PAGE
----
Sunday, November 17, 2019

To Cooking School, To Cooking School : GW2

Like my new oven? Spiffy, isn't it? And all the pots and knives and cooking paraphenalia on the wall behind?  All new, too. It's my "home instance", the Asuran one in Rata Sum. Only fair, since an Asura did all the work to get it, although of course all the rest will get one, too, just for... well, just for nothing, really.

It took nearly four hours to get it. I hadn't planned on doing any such thing today. I can't even remember why I started, even though it was only this morning when the idea came to me.

ArenaNet added Ascended Cooking to the game sometime back in the late summer. It was the first (much derided) stage of the ongoing "expansion-level content without the expansion" project. I mentioned it at the time in a post called "It's All Happening", when I said, with incredible foresight, "Cooking was the first craft skill I took up in GW2 and the first I levelled to 400. I am going to be all over this! Oh, except I'll be playing WoW Classic. I'll get to it eventually."

"Decadent"? Are you sure that's the word you meant to use?
Well, looks like today is "eventually". I got that part right but the rest? It wasn't what I expected. It was better.

I was never a fan of them adding an "Ascended" tier of crafting to GW2 but of course no-one asked me. When it came, it was expensive to level and when it was done it was too expensive to use. I did it anyway, raised all the crafting classes to the 500 skill cap, some of them more than once.

I can't exactly say leveling those classes, Leatherworker, Tailor, Weaponsmith and the rest, was fun, exactly, although it wasn't not fun either. It was crafting. You either enjoy it or you don't.

The most interesting part was trying to close the 400-500 skill gap between Exotic and Ascended without going broke. On some classes, with a little judicious reading of the market, it was possible to break even, more or less. If you didn't count the cost of materials you already had, you could even make money. Took me a while to realize that.

He's a Norn. This is just an appetiser.

When I started working on Ascended Cookery this morning I expected more of the same. And that's what I got for the first few minutes. I took my Necromancer Chef (possibly not the most reassuring combination of classes) to my preferred crafting area in Black Citadel.

She stood at the peculiar Charr cooking facility, popped a Crafting Booster, opened her recipe book, chose an orange dish (orange difficulty, not some kind of sorbet) and had at it. Everything ticked along nicely until she hit 425 skill and someone sent her a letter.

How Sous-Chef Seimur Oxbone knew what she was up to is probably best left on the back burner although I'm guessing it might have something to do with all that bloodstone dust he uses in his "special" recipes. However he'd found out, he'd heard about her efforts and wanted to encourage them.

The pretence that GW2 is a game without quests wore thin years ago but these days they really might as well cut the comedy and give us a Quest Journal. For the next three and a half hours I was questing and that's all there is to it. What more do you want? A symbol over the NPC's head? Oh, wait, he has one!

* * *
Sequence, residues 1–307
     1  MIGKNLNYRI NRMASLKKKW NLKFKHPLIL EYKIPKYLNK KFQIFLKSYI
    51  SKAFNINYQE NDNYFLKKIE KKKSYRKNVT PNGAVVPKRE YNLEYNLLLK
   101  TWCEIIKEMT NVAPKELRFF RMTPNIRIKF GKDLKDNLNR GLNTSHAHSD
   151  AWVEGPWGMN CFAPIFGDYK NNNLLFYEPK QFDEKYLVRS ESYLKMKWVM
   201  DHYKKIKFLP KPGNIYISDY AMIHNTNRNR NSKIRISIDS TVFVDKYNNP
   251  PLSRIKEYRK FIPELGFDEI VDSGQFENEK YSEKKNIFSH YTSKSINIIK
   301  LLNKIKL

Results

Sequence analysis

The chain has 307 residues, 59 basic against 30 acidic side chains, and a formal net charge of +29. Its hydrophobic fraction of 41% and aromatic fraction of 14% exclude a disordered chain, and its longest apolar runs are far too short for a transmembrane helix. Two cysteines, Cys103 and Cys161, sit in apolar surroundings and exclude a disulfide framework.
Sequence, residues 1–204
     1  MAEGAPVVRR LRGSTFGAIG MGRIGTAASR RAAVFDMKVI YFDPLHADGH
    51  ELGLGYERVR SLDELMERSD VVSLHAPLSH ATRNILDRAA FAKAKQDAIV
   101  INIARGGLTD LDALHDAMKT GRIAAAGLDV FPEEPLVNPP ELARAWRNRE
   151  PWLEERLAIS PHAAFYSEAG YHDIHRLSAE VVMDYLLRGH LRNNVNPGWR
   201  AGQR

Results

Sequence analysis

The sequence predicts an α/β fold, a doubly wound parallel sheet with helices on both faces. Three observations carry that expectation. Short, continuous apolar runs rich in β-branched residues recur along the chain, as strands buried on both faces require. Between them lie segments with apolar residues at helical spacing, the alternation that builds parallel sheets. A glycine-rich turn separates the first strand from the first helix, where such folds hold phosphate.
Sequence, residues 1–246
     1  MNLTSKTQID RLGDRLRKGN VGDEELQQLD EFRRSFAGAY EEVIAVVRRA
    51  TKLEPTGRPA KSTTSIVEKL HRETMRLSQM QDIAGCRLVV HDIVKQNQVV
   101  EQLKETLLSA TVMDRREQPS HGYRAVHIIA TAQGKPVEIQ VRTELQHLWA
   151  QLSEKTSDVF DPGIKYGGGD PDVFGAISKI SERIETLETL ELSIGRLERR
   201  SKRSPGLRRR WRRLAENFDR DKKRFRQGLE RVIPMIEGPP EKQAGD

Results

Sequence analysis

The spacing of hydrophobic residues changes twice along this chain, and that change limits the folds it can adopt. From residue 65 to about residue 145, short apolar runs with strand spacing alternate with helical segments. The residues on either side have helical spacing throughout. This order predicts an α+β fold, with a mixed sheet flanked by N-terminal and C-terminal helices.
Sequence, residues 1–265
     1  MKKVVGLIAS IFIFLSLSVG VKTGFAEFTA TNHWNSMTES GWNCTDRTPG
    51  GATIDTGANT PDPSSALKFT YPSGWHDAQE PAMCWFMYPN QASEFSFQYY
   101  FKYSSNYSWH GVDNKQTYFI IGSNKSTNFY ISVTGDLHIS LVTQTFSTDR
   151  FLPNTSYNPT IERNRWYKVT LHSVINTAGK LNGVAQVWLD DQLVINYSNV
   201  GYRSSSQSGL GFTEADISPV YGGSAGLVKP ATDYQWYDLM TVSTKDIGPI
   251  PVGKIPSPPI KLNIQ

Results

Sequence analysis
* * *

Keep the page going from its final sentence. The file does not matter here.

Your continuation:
Don't think just because it's not a punctutaion mark that you're fooling anyone.
Whatever the developers want to call it, the Ascended Cookery Quest is pretty good. Not that I thought it was going to be when I first saw it. I read the letter and then I went straight to the wiki because experience has taught me that GW2 "quests" are a lot more enjoyable when you have a walkthrough up.

It looked pretty daunting. First you have to make a "platter" for Oxbone to assess to see if he wants to take matters any further. If you pass his initiation he sends you to see chefs from all five playable races and each of them has a similar set of challenges waiting before they'll induct you into the Tyrian Chefs' Hall of Fame (not an actual in-game award, sadly).

Along the way you'll need to make fifteen presentation dishes, most of which are made from subcombines, often several of them. It looked like a lot of work and it would have been if not for two things: a full materials bank and the click-through subcombine feature ANet added to crafting a few years ago.

Even so, there were a few recipes I didn't have in my book. I had to "discover" those. Worse, some of the chefs wanted more than just food. 

This is just an elaborate sales pitch for your latest amazing "invention", isn't it? This one had better work!

The Norn insisted on making me new cooking implements, for which he wanted a load of Ascended crafting materials, some of which can only be made once per day. Luckily I had all of them pre-made from a long time ago when I was making the things just to clear bag space.

The Sylvari sent me out to forage herbs before he'd give me a gardening plot for my home instance. I haven't been back to look at it yet. The Asura mostly wanted to sell me things. Dealing with him cost me fifteen gold but now I can deconstruct cooked food into essences for Ascended dishes. At least I think that's what he said the gadgets did. 

The Charr butcher showed me how to get high-quality meat from animals (they'll drop it occasionally when I kill them, now). All he wanted me to do was bring him some cows. The most awkward of them all was the Human, a baker who wanted a load of bloodstone bricks and three Heat Stones to make me an oven.